REUTERS: The U.S. Centers for Disease Control and Prevention said on Friday it had identified 193 potential cases of severe lung illness tied to vaping in 22 states as of Aug. 22, including one adult in Illinois who died after being hospitalized.
The CDC has been investigating a "cluster" of lung illnesses that it believes may be linked to e-cigarette use, although it has not yet been able to establish whether they were in fact caused by vaping.
E-cigarettes are generally thought to be safer than traditional cigarettes, which kill up to half of all lifetime users, according to the World Health Organization. But the long-term health effects of vaping are largely unknown.
In a briefing with the press, representatives from health agencies, including the U.S. Food and Drug Administration, said they have not linked the illnesses to any specific product and that some patients had reporting vaping with cannabis liquids.
Mitch Zeller, director of the FDA's Center for Tobacco Products, said the agency is analyzing product samples from states, to identify any potentially harmful constituents that may be triggering the illnesses.
He said health agencies are trying to learn which specific vaping products were used and whether they were being used as intended or mixed with other substances.
"Those kinds of facts need to be strung together for every single one of these cases, so that we can see if any other kinds of patterns have emerged," Zeller said.
The number of potential cases have more than doubled over the past week. On Aug. 17 the CDC said it was investigating 94 potential lung illnesses in 14 states.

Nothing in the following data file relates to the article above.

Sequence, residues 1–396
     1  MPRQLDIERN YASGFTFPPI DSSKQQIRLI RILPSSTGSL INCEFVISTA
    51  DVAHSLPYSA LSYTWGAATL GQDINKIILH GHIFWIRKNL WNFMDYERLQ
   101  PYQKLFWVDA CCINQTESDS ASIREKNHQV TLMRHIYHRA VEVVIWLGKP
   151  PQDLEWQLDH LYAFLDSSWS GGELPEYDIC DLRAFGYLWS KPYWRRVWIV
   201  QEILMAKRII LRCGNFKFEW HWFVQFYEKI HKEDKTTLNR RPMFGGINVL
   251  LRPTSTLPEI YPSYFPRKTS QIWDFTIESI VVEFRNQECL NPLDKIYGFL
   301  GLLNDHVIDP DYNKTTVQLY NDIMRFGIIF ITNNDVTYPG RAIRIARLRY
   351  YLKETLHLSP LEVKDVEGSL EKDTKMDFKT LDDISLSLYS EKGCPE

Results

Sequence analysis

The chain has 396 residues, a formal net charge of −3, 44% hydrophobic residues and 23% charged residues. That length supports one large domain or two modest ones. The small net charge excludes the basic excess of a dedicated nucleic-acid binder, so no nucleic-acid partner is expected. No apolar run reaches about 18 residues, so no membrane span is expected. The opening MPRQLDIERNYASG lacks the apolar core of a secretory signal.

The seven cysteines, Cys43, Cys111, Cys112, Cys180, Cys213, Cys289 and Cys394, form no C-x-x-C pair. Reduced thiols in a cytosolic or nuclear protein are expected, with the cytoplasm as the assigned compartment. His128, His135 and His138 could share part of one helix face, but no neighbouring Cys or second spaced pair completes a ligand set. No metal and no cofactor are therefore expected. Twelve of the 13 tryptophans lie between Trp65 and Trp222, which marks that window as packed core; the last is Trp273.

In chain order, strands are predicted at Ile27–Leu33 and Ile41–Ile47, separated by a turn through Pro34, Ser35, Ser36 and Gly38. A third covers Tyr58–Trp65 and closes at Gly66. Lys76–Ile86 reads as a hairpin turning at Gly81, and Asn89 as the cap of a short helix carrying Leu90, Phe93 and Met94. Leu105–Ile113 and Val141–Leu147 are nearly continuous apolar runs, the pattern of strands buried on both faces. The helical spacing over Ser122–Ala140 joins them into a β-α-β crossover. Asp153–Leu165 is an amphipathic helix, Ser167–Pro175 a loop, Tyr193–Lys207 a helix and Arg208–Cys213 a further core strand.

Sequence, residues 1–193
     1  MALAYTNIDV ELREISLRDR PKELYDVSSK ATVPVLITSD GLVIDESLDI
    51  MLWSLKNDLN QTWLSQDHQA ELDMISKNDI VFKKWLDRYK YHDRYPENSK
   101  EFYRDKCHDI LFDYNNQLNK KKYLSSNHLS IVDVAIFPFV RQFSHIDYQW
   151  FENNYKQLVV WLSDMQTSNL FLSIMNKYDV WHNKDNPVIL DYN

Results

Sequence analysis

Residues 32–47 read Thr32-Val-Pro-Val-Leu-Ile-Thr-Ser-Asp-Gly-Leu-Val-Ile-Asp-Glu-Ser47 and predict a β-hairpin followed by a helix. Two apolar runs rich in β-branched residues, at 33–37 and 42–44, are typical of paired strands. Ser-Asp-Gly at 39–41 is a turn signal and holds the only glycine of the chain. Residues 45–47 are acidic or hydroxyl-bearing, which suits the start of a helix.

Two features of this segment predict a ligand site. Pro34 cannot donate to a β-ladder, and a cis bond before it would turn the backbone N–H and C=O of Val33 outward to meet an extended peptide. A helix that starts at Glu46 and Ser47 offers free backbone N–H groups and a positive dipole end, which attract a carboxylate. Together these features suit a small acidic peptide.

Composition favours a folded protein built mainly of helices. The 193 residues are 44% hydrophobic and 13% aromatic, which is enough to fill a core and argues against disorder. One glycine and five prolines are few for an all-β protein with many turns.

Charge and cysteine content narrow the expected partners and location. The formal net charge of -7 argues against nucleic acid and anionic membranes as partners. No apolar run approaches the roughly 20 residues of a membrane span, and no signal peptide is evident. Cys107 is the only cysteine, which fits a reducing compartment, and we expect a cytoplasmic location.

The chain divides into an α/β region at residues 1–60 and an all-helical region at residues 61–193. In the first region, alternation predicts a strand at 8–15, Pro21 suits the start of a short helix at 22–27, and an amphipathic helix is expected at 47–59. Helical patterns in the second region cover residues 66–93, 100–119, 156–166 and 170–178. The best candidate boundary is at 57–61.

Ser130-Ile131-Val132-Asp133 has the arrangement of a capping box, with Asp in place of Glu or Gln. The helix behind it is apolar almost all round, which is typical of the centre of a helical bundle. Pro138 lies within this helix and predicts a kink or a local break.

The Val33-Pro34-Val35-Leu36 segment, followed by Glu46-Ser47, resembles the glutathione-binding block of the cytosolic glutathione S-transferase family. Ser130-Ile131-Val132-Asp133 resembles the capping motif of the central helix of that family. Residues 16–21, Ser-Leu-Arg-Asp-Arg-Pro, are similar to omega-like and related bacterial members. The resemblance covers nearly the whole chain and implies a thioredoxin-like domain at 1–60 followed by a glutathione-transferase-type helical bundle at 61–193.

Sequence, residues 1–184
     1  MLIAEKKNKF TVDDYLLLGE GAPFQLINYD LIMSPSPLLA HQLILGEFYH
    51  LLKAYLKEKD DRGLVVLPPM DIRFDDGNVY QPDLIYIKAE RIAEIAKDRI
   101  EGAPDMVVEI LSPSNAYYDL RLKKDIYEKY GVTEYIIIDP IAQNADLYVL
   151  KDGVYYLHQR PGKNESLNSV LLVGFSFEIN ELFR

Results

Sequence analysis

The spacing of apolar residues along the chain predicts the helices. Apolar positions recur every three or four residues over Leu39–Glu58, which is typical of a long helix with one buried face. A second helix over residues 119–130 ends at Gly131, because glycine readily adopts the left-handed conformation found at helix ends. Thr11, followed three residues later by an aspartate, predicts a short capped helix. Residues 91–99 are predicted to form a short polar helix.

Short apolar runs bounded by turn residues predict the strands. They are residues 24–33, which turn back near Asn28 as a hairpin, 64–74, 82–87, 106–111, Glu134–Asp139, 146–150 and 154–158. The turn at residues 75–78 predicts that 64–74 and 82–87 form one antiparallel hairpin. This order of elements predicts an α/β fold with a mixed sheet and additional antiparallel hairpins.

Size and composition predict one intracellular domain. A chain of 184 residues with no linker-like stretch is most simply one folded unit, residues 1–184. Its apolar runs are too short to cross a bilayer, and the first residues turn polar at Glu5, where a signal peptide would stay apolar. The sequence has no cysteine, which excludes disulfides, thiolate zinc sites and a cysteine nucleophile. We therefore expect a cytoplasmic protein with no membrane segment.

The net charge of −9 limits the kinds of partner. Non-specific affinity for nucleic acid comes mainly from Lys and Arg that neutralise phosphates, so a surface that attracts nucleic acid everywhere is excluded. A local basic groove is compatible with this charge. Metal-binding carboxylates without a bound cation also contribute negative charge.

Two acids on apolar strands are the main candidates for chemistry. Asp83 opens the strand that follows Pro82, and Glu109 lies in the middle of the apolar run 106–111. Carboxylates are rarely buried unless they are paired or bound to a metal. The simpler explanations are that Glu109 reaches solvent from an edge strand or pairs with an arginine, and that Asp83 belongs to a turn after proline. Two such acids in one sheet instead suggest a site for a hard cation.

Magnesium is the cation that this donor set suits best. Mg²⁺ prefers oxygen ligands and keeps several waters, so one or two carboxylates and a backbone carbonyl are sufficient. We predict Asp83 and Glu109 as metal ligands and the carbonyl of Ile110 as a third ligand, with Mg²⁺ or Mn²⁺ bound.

Brian King, deputy director of research translation at the CDC's smoking and health division, said it is possible there may have been earlier cases that health agencies had not identified.
"The bottom line is that there's a variety of things in e-cigarette aerosols that could have implications for lung health," said King, adding that none of those compounds have been directly linked to the recent hospitalizations.
In a statement on Thursday, Gregory Conley, president of the American Vaping Association, said he was "confident" the illnesses were being caused by devices containing cannabis or other synthetic drugs, not nicotine.
Patients have reported difficulty breathing, shortness of breath and sometimes chest pain before being hospitalized. Some have shown symptoms like vomiting, diarrhea and fatigue.
"The severity of illness people are experiencing is alarming and we must get the word out that using e-cigarettes and vaping can be dangerous," Illinois Department of Public Health Director Dr. Ngozi Ezike said in a statement earlier.
(Reporting by Matthew Lavietes in New York, Chris Kirkham in Los Angeles and Tamara Mathias in Bengaluru; editing by Jonathan Oatis and Marguerita Choy)